I am going to make some mice ill with arthritis. The medicine which I am testing as control is known to cause extreme fatigue. I think I've improved it. I'd like to humanly measure their stamina in the presence of something like morphine. How would I ethically do this?
I believe the standard is an graded-speed treadmill test. An example pub:
If there is a particular ethical concern, you should always have your institutional review panel review it. If you call up your department of animal resources (or what ever it is called in your institution) they will almost always give lists of preferred LOPs.
Another option would be to score time sleeping if you have them under behavioral surveillance. The problem with this is the large amount of man hours needed, even watching tapes at high speed. Instead I recommend you check this paper out:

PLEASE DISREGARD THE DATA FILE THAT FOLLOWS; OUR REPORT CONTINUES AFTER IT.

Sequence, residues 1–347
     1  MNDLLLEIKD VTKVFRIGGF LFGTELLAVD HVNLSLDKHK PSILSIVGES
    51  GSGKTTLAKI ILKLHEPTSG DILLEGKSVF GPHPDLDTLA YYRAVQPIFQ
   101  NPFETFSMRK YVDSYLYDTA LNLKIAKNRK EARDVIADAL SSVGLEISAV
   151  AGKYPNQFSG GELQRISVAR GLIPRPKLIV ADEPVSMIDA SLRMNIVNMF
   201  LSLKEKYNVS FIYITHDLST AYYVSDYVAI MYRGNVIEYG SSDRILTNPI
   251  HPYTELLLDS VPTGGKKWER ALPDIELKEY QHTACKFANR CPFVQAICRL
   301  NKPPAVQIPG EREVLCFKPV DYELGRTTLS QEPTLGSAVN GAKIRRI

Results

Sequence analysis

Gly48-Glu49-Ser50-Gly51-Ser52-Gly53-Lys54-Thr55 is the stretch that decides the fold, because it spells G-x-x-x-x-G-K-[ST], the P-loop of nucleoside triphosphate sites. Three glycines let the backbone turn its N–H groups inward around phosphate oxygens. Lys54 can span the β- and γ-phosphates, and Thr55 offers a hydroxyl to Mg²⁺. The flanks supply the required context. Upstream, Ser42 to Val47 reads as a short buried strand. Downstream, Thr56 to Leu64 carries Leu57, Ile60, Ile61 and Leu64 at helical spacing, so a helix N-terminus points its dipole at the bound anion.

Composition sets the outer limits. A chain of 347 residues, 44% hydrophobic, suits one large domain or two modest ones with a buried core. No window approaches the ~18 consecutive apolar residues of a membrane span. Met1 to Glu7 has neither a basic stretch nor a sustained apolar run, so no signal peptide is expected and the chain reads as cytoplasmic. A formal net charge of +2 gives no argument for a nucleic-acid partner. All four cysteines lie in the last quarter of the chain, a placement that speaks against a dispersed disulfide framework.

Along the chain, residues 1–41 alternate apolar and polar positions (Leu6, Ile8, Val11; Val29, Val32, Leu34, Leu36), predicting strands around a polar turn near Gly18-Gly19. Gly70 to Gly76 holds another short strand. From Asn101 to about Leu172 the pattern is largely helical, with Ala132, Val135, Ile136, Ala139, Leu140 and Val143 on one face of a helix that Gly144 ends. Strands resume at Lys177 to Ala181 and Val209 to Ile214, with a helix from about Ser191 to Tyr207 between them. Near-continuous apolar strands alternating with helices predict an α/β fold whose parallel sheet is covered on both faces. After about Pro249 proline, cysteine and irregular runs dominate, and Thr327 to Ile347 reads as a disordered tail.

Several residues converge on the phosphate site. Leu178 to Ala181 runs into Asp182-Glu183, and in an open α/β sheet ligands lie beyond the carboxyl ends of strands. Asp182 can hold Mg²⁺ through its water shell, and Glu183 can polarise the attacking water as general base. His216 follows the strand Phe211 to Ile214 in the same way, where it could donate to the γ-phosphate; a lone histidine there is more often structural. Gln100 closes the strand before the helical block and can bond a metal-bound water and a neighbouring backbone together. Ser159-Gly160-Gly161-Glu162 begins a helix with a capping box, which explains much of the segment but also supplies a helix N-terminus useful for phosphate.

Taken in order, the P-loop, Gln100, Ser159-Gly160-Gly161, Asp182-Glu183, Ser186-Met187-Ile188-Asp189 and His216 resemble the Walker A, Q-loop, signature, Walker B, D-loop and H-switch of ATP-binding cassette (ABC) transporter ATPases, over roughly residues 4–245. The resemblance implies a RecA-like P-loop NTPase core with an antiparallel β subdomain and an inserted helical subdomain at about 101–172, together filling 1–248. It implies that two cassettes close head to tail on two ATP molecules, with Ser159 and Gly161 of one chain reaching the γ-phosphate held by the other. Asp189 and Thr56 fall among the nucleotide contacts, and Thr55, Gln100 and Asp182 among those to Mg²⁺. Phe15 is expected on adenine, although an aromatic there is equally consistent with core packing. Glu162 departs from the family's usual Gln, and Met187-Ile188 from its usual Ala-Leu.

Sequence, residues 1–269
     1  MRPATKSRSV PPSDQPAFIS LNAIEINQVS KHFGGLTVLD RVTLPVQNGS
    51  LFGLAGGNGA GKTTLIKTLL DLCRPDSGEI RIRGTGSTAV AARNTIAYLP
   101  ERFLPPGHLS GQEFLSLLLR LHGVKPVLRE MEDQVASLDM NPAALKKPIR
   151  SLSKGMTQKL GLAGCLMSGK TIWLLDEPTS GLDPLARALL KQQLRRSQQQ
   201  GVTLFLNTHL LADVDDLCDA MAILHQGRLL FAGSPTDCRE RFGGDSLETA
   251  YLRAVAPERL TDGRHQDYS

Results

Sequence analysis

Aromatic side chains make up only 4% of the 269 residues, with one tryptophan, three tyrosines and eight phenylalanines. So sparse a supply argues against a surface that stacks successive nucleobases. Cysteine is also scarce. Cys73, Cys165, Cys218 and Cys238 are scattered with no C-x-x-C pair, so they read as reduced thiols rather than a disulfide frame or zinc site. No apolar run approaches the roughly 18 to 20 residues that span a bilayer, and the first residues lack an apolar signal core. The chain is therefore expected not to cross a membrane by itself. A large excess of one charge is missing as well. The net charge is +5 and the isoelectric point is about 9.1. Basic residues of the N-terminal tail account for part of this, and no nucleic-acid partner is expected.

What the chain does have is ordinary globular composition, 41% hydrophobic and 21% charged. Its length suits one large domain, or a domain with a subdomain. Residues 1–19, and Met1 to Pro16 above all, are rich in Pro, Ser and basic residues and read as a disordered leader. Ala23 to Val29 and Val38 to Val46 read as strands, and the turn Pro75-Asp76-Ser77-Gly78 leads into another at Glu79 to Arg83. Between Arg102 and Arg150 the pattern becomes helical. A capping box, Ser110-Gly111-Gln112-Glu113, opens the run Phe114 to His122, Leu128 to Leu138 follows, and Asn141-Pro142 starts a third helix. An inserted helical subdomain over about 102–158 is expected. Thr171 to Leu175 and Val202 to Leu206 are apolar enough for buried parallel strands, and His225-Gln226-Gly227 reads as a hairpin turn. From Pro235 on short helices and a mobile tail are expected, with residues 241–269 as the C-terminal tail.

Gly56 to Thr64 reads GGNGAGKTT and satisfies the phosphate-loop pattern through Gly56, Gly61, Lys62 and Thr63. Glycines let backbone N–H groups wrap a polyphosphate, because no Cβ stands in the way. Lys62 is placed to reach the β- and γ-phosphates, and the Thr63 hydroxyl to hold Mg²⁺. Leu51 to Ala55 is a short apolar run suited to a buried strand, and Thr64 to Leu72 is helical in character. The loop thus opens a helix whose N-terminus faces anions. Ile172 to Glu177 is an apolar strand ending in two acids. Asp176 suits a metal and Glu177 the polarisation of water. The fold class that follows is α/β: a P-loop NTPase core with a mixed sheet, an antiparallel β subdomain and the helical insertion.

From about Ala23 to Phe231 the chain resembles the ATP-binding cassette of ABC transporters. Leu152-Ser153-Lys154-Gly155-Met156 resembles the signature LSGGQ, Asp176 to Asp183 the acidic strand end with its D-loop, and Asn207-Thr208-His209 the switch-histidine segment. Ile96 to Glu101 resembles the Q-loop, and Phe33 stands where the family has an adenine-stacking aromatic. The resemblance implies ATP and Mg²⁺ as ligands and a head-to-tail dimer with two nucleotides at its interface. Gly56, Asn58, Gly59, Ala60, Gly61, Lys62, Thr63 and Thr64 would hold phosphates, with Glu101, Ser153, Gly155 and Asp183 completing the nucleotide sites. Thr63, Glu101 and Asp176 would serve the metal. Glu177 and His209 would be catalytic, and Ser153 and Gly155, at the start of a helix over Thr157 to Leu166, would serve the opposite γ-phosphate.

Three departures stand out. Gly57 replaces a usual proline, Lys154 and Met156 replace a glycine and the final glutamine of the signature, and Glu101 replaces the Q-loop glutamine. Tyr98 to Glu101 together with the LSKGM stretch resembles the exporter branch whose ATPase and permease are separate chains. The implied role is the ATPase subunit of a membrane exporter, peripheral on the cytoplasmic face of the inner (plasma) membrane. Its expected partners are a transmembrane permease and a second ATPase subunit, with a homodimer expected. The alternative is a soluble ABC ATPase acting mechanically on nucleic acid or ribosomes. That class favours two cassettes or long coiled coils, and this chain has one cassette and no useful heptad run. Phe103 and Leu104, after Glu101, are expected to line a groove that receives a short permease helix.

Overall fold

Then to get accurate scoring, I would put a strongly colored bedding pad in a corner so the computer could pick it up. Be sure to put the bedding in at least a week before so the mice get used to it and actually sleep on it.
If the mice will be incapable of walking on a treadmill, which suggests that they will be very ill, you could just measure their homecage activity. There is some normal, baseline level of activity in a cage. You could compare controls to placebos to experimentals. If the drug you are testing increases homecage activity, then it would appear to be effective. Xie et al. describe a fairly comprehensive system.
Here is one example. Basically it is a very sensitive, 4-post scale that is designed to determine in xy space when the mouse is in the cage.